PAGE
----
Let’s begin with our foundational health…
“Let Your Food be your Medicine and Your Medicine be your Food”, Hippocrates proclaimed this more than 2,000 years ago. This is one of my favourite quotes because it says it all. Good health begins in the kitchen and food is our best medicine.
Parents try to give children the best start in life with healthy foods, support during growth and development and every opportunity to expand their horizons. Even if you didn’t have an idyllic childhood, every moment is a new chance to start fresh and rebuild your foundation.
When you build a strong foundation, you can create something long-lasting upon it. It’s the same with health. When you get all the basic ingredients just right, then you’d be amazed at what can happen. Some basics when it comes to wellness include regular physical movement, nutrient-rich foods, adequate water, healthy elimination, sunshine, clean air, relaxation, positive relationships and joy.
If you don’t work on these first as a foundation, anything that comes next will eventually crumble. Then it’s back to square one.
It’s important to consider if your current health and lifestyle include these essential elements, and if not, find someone who can help you establish them. With a solid foundation under you, you can build whatever you want upon it and count on it being there a long time for you to enjoy.
The use of nutrient rich foods, including herbs does not have to be an expensive trip out to the big health food stores or grocery stores. Medicine is all around us, down the back lane, out in a pasture field even in the produce section of your local grocery store. For at least eight months of the year, from April till November, I can gather all my greens for my morning smoothie from the nature surrounding me at home. Dandelion, Nettle, Plantain, Alfalfa, Red Clover, Sorrel, Good King Henry, Kale, the list goes on and on. While I use these plants as a food, they are also medicine. Although many of us are trained in the complexities of herbs, I believe the most powerful way to use them starts in your kitchen. It is important to understand that well trained herbalists, do not treat, diagnose, cure or prescribe herbs for diseases. Instead, herbalism often takes a more personalized approach, choosing herbs for the person rather than simply for a particular ailment.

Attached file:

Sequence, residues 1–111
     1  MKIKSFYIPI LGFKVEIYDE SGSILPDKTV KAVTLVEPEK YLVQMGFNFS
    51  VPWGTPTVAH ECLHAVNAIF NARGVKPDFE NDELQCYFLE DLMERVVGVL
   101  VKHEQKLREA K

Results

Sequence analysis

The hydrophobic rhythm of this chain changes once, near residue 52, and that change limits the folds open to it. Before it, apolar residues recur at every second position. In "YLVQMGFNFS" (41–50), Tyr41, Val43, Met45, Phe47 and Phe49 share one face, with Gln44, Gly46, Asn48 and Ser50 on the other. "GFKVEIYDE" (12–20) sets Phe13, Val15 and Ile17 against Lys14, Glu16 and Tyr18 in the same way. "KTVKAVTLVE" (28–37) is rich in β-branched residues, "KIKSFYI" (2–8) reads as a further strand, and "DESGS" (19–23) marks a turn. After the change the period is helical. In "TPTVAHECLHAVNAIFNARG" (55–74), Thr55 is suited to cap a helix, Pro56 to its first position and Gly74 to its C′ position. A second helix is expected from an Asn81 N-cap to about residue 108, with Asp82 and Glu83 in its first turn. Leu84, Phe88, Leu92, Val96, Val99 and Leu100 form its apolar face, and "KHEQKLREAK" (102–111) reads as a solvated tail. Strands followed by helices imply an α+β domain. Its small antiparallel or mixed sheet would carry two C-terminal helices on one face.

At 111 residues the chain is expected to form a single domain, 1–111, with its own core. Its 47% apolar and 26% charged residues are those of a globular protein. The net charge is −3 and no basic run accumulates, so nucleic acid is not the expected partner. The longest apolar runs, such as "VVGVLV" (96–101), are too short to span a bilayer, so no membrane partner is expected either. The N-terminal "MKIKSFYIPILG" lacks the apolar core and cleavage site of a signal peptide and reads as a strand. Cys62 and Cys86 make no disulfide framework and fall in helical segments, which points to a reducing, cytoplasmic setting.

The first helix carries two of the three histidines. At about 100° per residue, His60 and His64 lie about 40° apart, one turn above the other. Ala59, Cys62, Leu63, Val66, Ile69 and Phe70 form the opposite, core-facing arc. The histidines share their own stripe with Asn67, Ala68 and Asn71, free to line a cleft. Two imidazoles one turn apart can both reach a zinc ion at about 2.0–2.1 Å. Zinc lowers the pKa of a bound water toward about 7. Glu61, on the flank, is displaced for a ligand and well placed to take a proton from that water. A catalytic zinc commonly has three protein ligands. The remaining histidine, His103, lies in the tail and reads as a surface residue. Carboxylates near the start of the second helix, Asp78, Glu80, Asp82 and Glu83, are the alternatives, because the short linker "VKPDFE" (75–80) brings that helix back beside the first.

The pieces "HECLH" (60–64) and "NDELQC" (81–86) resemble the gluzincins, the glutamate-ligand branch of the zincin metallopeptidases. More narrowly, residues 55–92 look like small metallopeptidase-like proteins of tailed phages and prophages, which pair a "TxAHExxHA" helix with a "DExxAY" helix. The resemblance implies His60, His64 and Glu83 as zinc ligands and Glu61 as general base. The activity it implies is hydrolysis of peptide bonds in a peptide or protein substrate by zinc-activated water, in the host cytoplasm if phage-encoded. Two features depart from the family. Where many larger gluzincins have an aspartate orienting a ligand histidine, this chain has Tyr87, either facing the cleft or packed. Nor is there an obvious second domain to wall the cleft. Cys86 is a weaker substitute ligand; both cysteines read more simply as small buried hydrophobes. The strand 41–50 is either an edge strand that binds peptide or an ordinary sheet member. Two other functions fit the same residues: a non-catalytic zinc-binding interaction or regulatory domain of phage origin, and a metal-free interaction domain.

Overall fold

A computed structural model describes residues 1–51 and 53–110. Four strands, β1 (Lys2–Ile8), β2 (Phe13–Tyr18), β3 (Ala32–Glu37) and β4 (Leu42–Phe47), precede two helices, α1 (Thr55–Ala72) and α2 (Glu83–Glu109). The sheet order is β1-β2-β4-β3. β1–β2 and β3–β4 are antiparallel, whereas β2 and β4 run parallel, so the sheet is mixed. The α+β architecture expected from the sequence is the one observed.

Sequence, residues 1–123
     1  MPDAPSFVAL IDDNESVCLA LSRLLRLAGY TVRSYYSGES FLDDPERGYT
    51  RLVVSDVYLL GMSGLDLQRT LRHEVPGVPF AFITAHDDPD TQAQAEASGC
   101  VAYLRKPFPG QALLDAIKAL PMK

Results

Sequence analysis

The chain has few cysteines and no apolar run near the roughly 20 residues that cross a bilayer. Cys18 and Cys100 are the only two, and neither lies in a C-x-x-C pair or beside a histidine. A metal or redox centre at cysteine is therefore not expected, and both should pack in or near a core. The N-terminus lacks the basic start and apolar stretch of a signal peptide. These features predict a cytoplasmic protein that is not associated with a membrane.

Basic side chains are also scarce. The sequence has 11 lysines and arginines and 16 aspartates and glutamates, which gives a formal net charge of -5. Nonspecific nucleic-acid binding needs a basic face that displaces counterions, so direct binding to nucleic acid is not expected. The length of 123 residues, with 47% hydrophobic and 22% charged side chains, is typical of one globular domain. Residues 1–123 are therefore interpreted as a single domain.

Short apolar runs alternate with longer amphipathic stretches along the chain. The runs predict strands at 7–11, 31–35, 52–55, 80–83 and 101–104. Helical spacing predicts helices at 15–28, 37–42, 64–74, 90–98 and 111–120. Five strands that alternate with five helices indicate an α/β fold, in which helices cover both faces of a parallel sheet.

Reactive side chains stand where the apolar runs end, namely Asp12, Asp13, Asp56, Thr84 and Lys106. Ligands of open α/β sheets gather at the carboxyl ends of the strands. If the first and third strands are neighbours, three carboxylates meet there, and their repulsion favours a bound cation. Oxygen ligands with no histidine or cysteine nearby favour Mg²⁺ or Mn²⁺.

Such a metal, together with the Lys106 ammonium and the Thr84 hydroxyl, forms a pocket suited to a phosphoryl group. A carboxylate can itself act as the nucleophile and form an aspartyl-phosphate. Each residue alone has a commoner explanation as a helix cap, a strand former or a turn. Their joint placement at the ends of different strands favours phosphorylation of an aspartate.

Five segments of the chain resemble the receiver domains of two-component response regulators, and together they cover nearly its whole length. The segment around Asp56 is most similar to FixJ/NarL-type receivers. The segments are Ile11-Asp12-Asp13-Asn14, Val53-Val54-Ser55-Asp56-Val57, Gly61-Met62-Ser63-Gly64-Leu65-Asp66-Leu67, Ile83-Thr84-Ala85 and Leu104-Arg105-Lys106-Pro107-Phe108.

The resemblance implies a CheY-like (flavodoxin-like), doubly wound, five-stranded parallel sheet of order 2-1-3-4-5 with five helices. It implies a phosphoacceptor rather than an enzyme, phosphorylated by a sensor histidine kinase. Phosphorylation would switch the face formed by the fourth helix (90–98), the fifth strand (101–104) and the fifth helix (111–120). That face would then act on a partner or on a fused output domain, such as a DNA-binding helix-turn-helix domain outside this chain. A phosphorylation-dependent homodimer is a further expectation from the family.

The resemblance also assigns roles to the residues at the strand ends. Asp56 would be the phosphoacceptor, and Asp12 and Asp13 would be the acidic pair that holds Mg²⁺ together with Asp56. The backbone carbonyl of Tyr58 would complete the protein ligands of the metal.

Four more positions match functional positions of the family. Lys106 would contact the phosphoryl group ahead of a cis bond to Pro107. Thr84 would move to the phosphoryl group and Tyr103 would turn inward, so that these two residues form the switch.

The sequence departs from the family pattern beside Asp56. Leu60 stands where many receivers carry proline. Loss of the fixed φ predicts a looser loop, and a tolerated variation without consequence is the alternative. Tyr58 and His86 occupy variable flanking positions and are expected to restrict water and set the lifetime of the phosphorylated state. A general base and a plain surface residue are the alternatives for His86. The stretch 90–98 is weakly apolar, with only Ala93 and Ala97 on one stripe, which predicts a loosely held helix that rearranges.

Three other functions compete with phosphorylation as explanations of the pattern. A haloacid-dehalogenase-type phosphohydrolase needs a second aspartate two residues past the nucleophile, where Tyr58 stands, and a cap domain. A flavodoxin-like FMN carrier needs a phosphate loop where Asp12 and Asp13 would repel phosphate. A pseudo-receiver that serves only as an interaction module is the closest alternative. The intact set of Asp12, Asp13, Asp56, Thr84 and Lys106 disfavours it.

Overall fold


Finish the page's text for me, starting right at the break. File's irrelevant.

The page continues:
If you do not have access to these plants, Richter’s Herbs is a great place to order online or visit in Goodwood, ON.
Eating locally grown, organic and nutrient-rich foods is gaining in popularity. Try taking this challenge with me – ingesting 200 different plant species each year. This challenge was spoken at the 2019 AARM Conference by both Terry Wahls, MD and Kevin Spellman, Phd. After only a couple of months into the challenge I have ate almost 100 and its not even spring yet. With spring comes our own gardens and markets. The number of farmers markets have quadrupled since 1994, so we are eating much more local foods however one critical ingredient is still missing from our dinner tables – herbs and spices! These herbs and spices count in our challenge. Remember that eating healthy does not have to be boring – “what’s that delicious smell?” – the herbs are already working on the brain’s endorphins – its eating pleasurable foods that are filled with nutrients and antioxidants that keep you feeling great. They transform a bland meal into a decadent and flavourful experience!
Transform your life through the use of herbs and spices. – First begin by the act of doing. Inhale their fragrances, taste them, make a cup of tea, use in your daily meals and use them often! In doing so, you can avoid or even begin to heal some of the chronic problems affecting our population today. This can lead you to a place where you can make empowered decisions about you personalized health care.
This not going to cost you any more money, these items are already in most cupboards. So today we are going to begin with herbs and spices you have at home, let’s see what we have in our spice cupboard to begin. Pepper, cayenne, cinnamon, nutmeg, garlic, ginger, sage, thyme and rosemary
The Benefits of Herbs and Spices
Every meal and drink present an opportunity to nourish yourself and powerfully support your health. Adding more herbs and spices into your diet comes with many benefits. They provide essential nutrients, improve your mood, reduce oxidative stress, support natural energy, promote healthy aging, prevent diseases, aid in the repair of vital processes and strengthen healthy bodily functions. ensure that you are digesting and absorbing the nutrients from your healthy foods and prevent many chronic diseases. There are thousands of scientific studies showing the effectiveness of herbs and spices. Herbs and spices aid your health in myriad ways including strength to get the most benefits from your herbs and spices you will want to use them every day in in good amounts. This isn’t about sprinkling a little bit of herbs ns spices into your soup pot. Instead it’s looking at every meal as an opportunity to get an abundance of herbs into your life as a powerful wat to bolster your health. This is food as medicine at its best!